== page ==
Ioannis was always attracted by antiquities and archaeological sites. After all, this is one of the great advantages of having been born in Greece: antiquities are everywhere around you! During his vacations, Ioannis always enjoyed visiting old cities, archaeological sites, historical monuments and museums with collections of archaeological artefacts. To him, history and archaeology were always another passion. From 2000 onwards, Ioannis became involved in archaeological digs, originally as a volunteer and then as a site assistant. Even though his early work was seasonal, he participated in a number of excavations in Crete, Peloponnese and Macedonia.
In 2002, Ioannis applied and got accepted in the Greek Open University, in the BA course 'Studies in the Hellenic Civilisation'. There, he studied a wide variety of modules such as Introduction to Hellenic Civilisation Studies; Greek History; Ancient Greek and Byzantine Representational Arts and Architecture; Public and Private Life in Ancient Greece and the Byzantium; Ancient Greek Literature; Modern Greek literature; Ancient Greek theatre; Ancient Greek and Byzantine Philosophy; European Philosophy; Music and Dance in Ancient Greece and the Byzantium; Archaeology in Greece; and finally, Modern Greek Theatre and Cinema. During his six years of study at the Greek Open University, he continued in full-time employment and practised archaeology during his spare time. His BA studies were also challenged by the sudden loss of his entire family and by professional misfortunes, which followed right after. With the help and support on few good friends, Ioannis graduated from the Open University in July 2008.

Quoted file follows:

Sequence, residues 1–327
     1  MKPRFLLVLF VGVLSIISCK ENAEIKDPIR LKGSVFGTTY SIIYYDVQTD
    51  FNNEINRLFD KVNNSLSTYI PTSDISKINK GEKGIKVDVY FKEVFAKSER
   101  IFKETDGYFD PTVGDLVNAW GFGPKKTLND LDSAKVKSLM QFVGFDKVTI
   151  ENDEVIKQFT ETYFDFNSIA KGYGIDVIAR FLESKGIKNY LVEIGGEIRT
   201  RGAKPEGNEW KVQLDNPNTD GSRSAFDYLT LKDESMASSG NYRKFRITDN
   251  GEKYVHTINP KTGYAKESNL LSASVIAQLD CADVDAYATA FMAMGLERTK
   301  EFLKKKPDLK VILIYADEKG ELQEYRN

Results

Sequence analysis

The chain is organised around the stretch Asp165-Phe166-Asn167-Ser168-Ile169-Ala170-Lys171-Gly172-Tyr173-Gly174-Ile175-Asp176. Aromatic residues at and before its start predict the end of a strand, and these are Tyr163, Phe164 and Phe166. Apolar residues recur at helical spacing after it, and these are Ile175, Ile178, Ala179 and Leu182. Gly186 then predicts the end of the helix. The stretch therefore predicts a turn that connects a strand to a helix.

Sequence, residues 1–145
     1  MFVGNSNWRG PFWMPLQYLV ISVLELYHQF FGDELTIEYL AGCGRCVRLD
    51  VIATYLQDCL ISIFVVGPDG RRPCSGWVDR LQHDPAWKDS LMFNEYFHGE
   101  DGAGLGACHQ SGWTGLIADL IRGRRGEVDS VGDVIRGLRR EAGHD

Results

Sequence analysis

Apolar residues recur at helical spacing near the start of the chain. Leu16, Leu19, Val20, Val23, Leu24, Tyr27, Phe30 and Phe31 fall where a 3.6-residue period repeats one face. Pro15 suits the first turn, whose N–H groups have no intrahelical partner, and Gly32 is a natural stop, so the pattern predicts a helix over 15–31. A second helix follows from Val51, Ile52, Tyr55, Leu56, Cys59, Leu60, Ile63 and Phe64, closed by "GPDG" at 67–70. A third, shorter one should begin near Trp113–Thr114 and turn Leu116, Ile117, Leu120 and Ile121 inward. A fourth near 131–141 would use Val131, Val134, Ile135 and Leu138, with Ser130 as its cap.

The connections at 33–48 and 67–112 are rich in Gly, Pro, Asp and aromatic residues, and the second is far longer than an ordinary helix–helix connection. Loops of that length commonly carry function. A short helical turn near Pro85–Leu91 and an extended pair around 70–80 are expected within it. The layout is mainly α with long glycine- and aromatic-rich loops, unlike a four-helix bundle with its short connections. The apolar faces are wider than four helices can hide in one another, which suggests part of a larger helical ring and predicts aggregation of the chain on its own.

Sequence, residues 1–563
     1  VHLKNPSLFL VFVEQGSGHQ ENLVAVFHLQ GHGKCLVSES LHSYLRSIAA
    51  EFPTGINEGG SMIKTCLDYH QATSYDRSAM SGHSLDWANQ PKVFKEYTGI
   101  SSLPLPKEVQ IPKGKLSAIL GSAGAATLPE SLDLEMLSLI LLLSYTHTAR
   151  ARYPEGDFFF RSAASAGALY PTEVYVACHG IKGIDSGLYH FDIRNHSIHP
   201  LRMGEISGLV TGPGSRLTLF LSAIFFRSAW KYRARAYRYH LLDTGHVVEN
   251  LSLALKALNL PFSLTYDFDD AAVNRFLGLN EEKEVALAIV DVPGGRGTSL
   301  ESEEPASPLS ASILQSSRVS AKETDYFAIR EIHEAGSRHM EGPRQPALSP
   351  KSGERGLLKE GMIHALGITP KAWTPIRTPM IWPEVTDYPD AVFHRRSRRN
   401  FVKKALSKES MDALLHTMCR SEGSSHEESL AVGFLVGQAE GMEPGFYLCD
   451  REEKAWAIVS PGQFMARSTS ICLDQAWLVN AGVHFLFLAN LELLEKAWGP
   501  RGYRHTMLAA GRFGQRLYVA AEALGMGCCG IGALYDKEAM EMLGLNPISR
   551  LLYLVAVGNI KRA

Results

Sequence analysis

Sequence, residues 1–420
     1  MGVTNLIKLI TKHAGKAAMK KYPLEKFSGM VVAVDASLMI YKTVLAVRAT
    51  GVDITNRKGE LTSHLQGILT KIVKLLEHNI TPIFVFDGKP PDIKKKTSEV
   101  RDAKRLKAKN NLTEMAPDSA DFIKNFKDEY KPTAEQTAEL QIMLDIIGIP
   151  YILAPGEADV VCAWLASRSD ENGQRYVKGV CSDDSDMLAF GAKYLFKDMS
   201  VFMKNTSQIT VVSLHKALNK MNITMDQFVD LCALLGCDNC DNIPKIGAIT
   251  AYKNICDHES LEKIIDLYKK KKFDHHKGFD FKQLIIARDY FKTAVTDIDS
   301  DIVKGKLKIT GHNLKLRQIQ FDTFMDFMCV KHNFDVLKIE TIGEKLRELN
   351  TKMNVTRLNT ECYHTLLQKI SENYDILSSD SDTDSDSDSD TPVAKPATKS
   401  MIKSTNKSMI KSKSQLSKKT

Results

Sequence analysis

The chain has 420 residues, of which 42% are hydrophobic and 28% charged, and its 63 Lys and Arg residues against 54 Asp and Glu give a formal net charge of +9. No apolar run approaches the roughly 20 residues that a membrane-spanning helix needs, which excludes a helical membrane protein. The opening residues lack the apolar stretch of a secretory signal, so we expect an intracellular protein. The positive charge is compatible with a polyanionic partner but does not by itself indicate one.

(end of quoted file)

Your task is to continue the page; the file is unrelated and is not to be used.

After his graduation, Ioannis decided to leave Greece. He had already started travelling and meeting people through various international projects, particularly in the Netherlands, since 2006. After many discussions with his lecturer and first mentor in archaeology, Ioannis decided that it was time to move on and seek for an archaeological career abroad.